One symptom of aging is a gradual and inevitable loss of calcium in your bones. The older you get, the more likely you are to suffer from weak muscles, stiff joints, and...
As we get older, many things can happen to us. For some, it's arthritis, and for others… like me… it is from a serious horse riding fall. When that happens, it can feel like we are doomed to stay at home for the rest of our lives; venturing out only when necessary.
Fortunately, things have changed a lot since I was a youngster. Now we have electric carts in many places. Some are free to use and others, such as those at theme parks, have to be rented. This can mean the difference between watching your grandchild's first roller coaster ride and just sitting at home hoping for pictures.
Here are a few of the things that we can do with our wheelchairs that weren't always available in the past:
Wheelchair-friendly Activities Outside the Home
In the last three months, I have been to four theme parks. I rented electric carts at three of them and thoroughly wished I had for the fourth. I couldn't ride all of the rides I wanted to go on, but I did get to go on some of them. The ones I didn't get to ride were down at the time. Whether you enjoy the rides or not, there are so many fun things to do at theme parks. Electric carts have made it possible for me to explore the whole park and enjoy the day with my family.
Going to the beach is something that many in wheelchairs don't think they can do. However, there are two good reasons to put the beach back on your to-do list. First, many public beaches have wheelchair access, which means a solid path rather than sand. The other is the invention of wheelchairs specific for outdoor activities. So if you want to feel the sand between your toes again, you can.
In our area, the zoos tend to be on mountainsides. This makes walking around to see the animals difficult from the get-go. However, a rented electric cart made all the difference. It's fun to see how excited the grandkids got when they saw some of the animals. It was also fun to see them get their faces painted to look like some of the animals.
It never occurred to me that those who require wheelchairs could do some sports. Bowling was one of them. However, there are ways for wheelchair users to bowl and even official rules for doing so. You don't require any special facilities, either. You can bowl anywhere as long as you have the right equipment.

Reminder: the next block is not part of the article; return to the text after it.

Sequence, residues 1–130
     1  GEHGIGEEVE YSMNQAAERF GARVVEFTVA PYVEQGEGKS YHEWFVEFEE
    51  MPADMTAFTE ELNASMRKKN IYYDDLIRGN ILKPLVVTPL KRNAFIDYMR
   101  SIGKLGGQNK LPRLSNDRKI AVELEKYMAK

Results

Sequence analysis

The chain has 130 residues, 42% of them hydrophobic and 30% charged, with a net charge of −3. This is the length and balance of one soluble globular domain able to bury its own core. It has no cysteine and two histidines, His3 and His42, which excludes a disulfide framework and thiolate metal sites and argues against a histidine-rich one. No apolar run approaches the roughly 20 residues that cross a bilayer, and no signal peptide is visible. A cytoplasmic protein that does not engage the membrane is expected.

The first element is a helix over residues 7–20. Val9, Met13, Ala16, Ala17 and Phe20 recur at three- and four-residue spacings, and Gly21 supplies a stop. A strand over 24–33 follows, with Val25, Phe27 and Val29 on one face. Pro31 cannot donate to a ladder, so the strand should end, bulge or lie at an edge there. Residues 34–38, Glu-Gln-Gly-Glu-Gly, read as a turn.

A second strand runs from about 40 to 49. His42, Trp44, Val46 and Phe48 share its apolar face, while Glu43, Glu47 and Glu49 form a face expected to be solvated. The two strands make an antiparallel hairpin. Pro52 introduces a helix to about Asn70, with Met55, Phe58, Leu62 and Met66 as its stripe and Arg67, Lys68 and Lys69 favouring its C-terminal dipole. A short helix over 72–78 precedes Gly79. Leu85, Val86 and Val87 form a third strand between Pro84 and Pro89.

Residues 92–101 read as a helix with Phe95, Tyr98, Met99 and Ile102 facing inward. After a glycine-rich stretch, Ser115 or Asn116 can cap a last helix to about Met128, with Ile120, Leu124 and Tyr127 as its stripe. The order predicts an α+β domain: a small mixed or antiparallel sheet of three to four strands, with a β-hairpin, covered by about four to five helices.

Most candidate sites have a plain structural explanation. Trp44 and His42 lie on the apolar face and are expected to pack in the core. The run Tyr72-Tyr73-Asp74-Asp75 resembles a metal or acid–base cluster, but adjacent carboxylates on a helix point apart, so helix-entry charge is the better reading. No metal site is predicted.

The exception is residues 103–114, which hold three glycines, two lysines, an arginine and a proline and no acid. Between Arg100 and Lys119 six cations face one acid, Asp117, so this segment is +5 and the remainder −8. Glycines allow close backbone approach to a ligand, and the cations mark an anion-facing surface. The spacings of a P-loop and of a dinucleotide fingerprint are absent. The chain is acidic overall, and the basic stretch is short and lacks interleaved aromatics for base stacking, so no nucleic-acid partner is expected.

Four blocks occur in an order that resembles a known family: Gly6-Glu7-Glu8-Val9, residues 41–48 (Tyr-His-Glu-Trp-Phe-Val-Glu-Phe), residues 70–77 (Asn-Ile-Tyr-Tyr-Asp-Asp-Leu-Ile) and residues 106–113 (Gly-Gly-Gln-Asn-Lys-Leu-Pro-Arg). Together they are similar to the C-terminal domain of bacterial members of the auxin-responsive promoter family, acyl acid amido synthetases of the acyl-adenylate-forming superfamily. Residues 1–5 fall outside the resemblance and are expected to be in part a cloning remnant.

I knew about wheelchair basketball when I was in middle school. We even got to watch a game, and it was fascinating. Now there is wheelchair football. There are rules for both manual chairs and power chairs, which weren't available when I was that age.
It is hard to imagine wheelchair golf, but the sport is available. There are even special rules on the courses, both for wheelchair users and those who need canes or crutches. Some of the changes were made because it would be difficult to use a chair in some parts of the golf course.
I may not be able to go on some of the arduous hikes I did in my twenties and thirties, but there are ADA hiking trails available. Some can be done with a regular wheelchair, while others need the type of wheelchair mentioned above. Click here to learn more about how to prepare for a safe hike!
The advent of ADA facilities at parks and other areas makes going for a picnic much more feasible. It may be a good idea to bring a table if you are going to be with others at the picnic. Some park picnic tables may not be useable for some wheelchairs.
Most lawn games can be adapted for wheelchair users. This includes games such as croquet, ring toss, and table tennis. The games will help to improve both coordination and upper body strength.
Tips for Wheelchair Users
Do your research first
If you own your wheelchair, find out if it will be useful where you want to go. Of the four hiking trails close to where I live, only one is wheelchair accessible. The others are either too narrow to accommodate a regular wheelchair, too steep, or both. Other trails a little further away are considered ADA accessible.
Choose the Right Chair
There are narrower wheelchairs available. They are not electric, so they may not be helpful to someone like me, with little upper body strength. Those chairs could go on two more of the trails if the person is strong enough.
A simple phone call can help you find an enjoyable place to go that provides what you need. This includes shopping malls, grocery stores, theme parks, and zoos. In addition, many businesses have electric carts available to those who don't need a wheelchair full time, which is my case.
Know the Rules
Whether you own or rent your mobility device, there will be rules. At the San Diego Zoo, for example, there were certain routes I couldn't explore because they were too narrow. Likewise, when playing sports such as golf and bowling, there are also rules that apply to those who need wheelchairs.
Consider Going with Others
This is true for those with an able body as well. Hiking and single-player sports can be hazardous. Having someone with you makes it safer for both of you. If one is injured, the other can call for help.
Keep this in mind even for activities like simply going around town. If your chair breaks down, it may take time before someone can get to you to help you get home. I've seen it happen. Power chairs are more likely to be a problem because many things can render them inoperable, including running out of battery life.
Being older doesn't mean we have to sit around in a rocker thinking about the good old days. On the contrary, even if you are in a wheelchair being out and about can help reduce stress and ease depression.
Let us know in the comments below - What is your favorite wheelchair-friendly activity?